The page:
Even the Ministry of Petroleum Resources and Finance are not known to the constitution except the AGF and Minister of Justice! This is an argument for another day. Can a Civil or Public Servant take up positions as directors of a private company in the course of his employment knowing that a civil servant and Public Servant are the same? 

Citing Part 2 of the Fifth Schedule of the 1999 Constitution of the Federal Republic of Nigeria, which succinctly captured it, where it defines a public servant to include; Chairman, members and Staffs of Local Government Councils, Chairman and members of Boards of other governing bodies and staff of statutory corporations and of companies in which the Federal or State Government has controlling interest, etc.

As regards the violation of Kyari’s appointment, Sections 1, 2 and 4, Part 1 of the Fifth Schedule of the Constitution of the Federal Republic of Nigeria, provides a clear answer to it.

Specifically, Section 2 states; b “Without prejudice to the generality of the foregoing paragraph, a public officer shall not-

(a) Receive or be paid the emoluments of any public office at the same time as he receives or is paid the emoluments of any other public office; or

(b) Except Where He Is Not Employed On Full Time Basis, Engage Or Participate In The Management Or Running Of Any Private Business, Profession Or Trade but nothing in this sub- paragraph shall prevent a public officer from engaging in farming”, emphasis is mine’.

From the above, it is only public servants who are employed on a part-time basis may lawfully engage or participate in the management or running of a private business which may require assuming a role as director of a private company.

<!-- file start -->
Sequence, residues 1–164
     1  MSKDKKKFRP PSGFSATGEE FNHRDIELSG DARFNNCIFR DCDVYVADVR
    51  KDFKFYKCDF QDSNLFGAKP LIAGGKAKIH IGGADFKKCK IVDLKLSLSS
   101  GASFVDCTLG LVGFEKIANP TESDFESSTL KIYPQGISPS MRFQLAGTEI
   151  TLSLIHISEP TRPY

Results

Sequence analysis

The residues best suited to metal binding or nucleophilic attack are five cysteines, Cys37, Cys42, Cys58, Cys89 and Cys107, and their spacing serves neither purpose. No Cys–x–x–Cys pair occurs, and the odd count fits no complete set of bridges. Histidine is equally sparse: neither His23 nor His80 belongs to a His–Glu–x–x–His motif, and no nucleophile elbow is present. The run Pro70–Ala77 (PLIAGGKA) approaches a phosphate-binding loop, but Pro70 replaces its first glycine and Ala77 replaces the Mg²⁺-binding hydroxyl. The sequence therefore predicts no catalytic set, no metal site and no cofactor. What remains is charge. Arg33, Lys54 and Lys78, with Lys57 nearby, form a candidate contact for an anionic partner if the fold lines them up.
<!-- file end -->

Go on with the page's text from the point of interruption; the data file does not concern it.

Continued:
Stressing that without doubt taking on responsibility as director of any company requires a great measure of commitment and focus. Here the GCEO, Mele Kyari and other subsidiaries companies CEOs failed the legal test.

Only public servants, who are employed on a part time basis, are permitted by law to engage in or participate in the running of a private business as directors of a private company.

However, civil or public servants employed on a full time basis can take on the role as director of a private company (s) only upon retirement.

They can only engage in farming as a private business venture while fully employed in the civil or public service.

It is worth to note that the civil service is regulated by a code of conduct; as such civil servants must take serious note of the scope of their limitations as regards undertaking private business activities while in employment.

This indicates that Mele Kyari and CEOs’ of all the subsidiaries of former NNPC are limited by law and therefore, the appointments of Mele Kyari, others CEOs’ and subsequent Assumption of Offices  without retirement from the public service is in gross violation of the Constitution and Laws of the Federation.

The implications are that any actions taken by them, while presiding as CEO of NNPC Ltd, can be challenged in a competent Court as illegal. This is a danger investors will be wary of.

Fortunately, in order to help the system to do the right thing, the group threatens that the validity of this legality would be tested in Court to seek interpretation and clarity of the legality of the appointments, and directorships if Kyari is not sacked after the ultimatum given.

“We will follow up with full action after the expiration of our ultimatum and this will serve as a litmus test on the part of the Government on their fight against corruption and indiscipline”, the coalition said.